Lynch v. Liberty Mut. Fire Ins. Co.
(3rd Dept., decided 1/8/2009)
Do you remember your flash-to-bang ratio? For each five seconds you count between seeing a lightning flash and hearing the thunder, there is one mile between you and that lightning strike. Most public swimming pools close when the flash-to-bang is 50 seconds (10 miles).
The Lynches had an above-ground swimming pool in their backyard. Liberty was their homeowners insurer. During a bad thunderstorm in late June, the Lynches' daughter felt a huge explosion at the same time she saw a flash of light in the backyard, leading her to believe that the house had been struck by lightning. When she and her father went into the backyard a short time later, it appeared that "the pool had exploded." The Lynches submitted a claim to Liberty for that damage, which Liberty denied based on its inspection of the damaged pool and determination that the pool had collapsed due to the excluded causes of wear and tear or deterioration. The Lynches sued.
Albany Supreme granted Liberty's motion for summary judgment, dismissing the complaint, and the Lynches appealed. In MODIFYING the order appealed from to deny Liberty's summary jugdment motion, the Third Department found that the plaintiffs had created a question of fact as to whether lightning was the cause of their swimming pool's collapse:
[D]efendant offered the deposition testimony of its claims representative and one of its pool inspectors, both of whom denied seeing any evidence such as charring and burning that lightning struck the pool. On the other hand, they observed that the steel truss supporting the pool was rusted. In fact, the claims representative testified that the truss was so weak that it crumpled in his hands when he touched it and the pool inspector opined that the failure of the steel truss to support the pool wall had led to the wall's collapse. Coupled with the testimony of plaintiff George Lynch that the pool was almost 20 years old when the incident occurred, this evidence established that the policy provision concerning wear and tear was applicable in this case (see id. at 1016), thereby shifting the burden to plaintiffs to raise a question of fact.
Contrary to Supreme Court's determination, we find that plaintiffs met this burden. Lynch testified that he maintained his pool in a state of good repair and that yearly maintenance had been performed up until the time of the incident. Plaintiffs also provided evidence that there was a particularly bad thunderstorm on the night the pool was damaged. In addition, the sworn statement of plaintiffs' daughter was presented wherein she alleged that she felt a huge explosion contemporaneous to seeing a flash of light in the backyard, leading her to believe that the house had been struck by lightning. When she and her father went into the backyard a short time later, it appeared that "the pool had exploded."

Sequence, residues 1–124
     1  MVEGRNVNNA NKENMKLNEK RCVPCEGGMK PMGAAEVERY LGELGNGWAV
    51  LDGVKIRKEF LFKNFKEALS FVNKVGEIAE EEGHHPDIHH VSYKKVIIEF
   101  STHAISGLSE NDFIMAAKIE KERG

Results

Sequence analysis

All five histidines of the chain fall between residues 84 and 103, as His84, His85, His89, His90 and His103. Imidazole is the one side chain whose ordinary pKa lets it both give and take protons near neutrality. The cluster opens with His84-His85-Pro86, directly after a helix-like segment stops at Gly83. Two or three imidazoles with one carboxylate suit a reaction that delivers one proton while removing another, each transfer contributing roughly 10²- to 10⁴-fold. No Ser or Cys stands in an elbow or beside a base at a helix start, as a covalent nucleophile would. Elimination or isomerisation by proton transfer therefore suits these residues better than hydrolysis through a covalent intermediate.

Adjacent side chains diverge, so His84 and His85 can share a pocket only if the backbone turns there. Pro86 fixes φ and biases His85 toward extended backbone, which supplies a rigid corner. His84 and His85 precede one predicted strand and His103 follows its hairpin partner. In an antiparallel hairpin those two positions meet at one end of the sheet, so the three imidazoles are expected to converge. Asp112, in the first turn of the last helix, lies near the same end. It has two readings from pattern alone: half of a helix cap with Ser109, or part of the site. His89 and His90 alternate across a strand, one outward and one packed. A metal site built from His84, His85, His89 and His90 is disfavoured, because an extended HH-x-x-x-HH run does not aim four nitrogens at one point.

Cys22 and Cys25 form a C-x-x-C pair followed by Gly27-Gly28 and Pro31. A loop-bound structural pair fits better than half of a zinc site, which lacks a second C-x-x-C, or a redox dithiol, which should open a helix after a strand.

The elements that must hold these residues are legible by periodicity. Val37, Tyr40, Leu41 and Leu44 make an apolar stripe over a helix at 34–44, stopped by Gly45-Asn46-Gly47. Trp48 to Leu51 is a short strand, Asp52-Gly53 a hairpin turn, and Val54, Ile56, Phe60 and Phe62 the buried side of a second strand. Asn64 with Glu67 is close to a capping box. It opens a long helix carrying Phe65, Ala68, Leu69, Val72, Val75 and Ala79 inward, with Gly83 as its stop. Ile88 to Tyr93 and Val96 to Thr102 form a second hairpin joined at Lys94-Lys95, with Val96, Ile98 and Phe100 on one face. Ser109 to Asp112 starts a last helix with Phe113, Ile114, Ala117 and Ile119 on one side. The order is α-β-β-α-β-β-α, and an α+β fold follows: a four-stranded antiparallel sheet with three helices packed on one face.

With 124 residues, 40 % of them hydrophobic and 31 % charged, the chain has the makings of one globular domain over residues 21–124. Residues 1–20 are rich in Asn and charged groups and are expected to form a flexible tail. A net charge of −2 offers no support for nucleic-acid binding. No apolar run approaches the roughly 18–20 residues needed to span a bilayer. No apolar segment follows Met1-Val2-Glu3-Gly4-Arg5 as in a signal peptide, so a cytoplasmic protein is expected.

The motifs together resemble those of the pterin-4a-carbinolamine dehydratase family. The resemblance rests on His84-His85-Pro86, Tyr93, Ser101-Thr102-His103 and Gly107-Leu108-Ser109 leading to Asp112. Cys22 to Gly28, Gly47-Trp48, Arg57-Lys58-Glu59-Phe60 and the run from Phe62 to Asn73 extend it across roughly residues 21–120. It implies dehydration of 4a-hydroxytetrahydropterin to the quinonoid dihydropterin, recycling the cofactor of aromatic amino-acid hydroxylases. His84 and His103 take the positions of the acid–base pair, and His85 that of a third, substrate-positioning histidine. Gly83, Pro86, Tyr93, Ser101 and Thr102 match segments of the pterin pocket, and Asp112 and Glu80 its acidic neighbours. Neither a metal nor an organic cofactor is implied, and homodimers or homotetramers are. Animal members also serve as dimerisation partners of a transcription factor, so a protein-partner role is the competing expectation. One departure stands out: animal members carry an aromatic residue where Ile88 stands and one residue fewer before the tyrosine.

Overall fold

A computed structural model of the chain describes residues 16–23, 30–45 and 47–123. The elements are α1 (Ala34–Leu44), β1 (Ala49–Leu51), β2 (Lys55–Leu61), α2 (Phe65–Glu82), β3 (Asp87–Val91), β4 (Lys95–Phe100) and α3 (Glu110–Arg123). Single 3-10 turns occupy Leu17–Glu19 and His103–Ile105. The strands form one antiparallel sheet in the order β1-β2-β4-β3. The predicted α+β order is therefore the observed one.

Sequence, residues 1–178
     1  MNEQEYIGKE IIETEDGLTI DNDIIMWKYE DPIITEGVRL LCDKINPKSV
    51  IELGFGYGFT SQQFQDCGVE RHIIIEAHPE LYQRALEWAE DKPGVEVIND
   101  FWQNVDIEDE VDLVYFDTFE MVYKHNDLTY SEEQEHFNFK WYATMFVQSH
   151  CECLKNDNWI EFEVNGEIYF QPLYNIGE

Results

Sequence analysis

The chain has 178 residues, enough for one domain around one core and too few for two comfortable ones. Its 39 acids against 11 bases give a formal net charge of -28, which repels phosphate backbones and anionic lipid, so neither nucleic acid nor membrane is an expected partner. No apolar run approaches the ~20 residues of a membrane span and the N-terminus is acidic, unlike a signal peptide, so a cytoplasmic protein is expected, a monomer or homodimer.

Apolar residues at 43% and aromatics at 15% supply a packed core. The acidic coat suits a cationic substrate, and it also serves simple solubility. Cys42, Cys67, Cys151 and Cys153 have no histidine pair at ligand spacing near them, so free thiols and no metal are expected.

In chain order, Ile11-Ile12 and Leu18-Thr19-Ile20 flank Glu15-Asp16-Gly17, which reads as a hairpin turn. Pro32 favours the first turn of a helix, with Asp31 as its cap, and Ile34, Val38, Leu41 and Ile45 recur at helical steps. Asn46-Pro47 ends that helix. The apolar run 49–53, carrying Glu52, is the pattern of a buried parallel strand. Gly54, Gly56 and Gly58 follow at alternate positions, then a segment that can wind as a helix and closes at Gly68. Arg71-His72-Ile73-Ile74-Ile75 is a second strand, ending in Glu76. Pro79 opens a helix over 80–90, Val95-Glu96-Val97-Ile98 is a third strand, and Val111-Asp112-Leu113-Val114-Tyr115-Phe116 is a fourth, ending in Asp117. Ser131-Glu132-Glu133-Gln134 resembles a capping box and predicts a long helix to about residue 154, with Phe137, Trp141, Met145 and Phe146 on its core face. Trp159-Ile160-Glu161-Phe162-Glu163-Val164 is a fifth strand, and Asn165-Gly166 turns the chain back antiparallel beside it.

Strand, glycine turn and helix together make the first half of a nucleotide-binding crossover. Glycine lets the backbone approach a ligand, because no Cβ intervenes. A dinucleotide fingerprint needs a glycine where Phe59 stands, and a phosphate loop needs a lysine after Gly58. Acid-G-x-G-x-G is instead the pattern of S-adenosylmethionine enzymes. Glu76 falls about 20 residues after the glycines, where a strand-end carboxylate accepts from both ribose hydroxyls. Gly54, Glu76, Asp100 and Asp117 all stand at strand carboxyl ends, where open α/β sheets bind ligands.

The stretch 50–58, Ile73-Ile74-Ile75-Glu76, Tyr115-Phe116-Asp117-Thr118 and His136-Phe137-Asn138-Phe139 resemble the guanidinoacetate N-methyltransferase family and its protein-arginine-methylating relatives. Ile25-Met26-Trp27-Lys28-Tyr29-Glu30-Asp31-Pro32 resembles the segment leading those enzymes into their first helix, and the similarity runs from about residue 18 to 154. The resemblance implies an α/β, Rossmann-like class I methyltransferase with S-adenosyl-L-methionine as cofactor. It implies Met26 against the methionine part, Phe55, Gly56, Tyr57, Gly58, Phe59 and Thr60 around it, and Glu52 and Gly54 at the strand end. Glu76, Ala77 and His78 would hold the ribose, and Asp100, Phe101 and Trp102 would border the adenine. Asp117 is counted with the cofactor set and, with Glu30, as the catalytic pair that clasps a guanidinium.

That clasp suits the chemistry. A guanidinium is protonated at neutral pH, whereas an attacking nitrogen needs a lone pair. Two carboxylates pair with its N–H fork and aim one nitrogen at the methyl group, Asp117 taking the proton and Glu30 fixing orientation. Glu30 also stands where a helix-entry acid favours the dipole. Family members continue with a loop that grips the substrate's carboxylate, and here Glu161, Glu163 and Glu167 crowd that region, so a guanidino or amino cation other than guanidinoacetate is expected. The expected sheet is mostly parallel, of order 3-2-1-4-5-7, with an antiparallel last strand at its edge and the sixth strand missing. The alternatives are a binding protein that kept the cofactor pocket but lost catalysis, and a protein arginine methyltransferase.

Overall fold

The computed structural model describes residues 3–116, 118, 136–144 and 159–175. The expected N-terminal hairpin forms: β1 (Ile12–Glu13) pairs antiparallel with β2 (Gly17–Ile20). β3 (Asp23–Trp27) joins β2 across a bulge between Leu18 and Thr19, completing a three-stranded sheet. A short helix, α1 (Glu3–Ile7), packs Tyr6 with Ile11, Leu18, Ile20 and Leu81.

Plaintiffs also offered the sworn statement of Ronald Casso, a licensed architect with over 25 years of experience repairing and building above-ground pools. Based upon his review of color photographs of plaintiffs' pool taken shortly after the incident, Casso concluded that the pool had "been subjected to an extreme trauma." He further noted that the structural makeup of plaintiffs' pool was such that, even if the steel truss in question had been rusted, such wear and tear would not have been responsible for the pool's collapse. In his experience, when pools collapse due to wear and tear, it is "always the last stage in a process of deterioration that is physically apparent," and he observed nothing that would indicate that such a process of deterioration had taken place here.
Finally, plaintiffs offered the sworn statement of Howard Altschule, a certified meteorologist who performed an analysis of the weather conditions on the evening of June 29, 2005, reviewing weather data and climatological records of the area in and around plaintiffs' residence. This analysis reflected data indicating numerous lightning strikes within a five-mile radius of plaintiffs' home at or about the time of the incident, including one particular bolt that struck "very close to the house in question." While defendant's attorney questions the proximity of that particular strike based upon his interpretation of the meteorological data, nothing in the record establishes his qualifications to do so. In all events, his contrary opinion would, at best, merely create a question of fact. Additionally, Altschule explained that lightning strikes can be "hot" or "cold," with the latter failing to leave charring or scorching in and around the area of a strike. Thus, based upon the data and the testimony of plaintiffs' daughter, Altschule concluded that lightning did strike plaintiffs' pool, causing the corner of the pool to collapse.
If "cold" lightning has enough power to lift a 44,000 ton ocean liner six feet into the air, a backyard above-ground swimming pool probably won't escape a direct strike unharmed.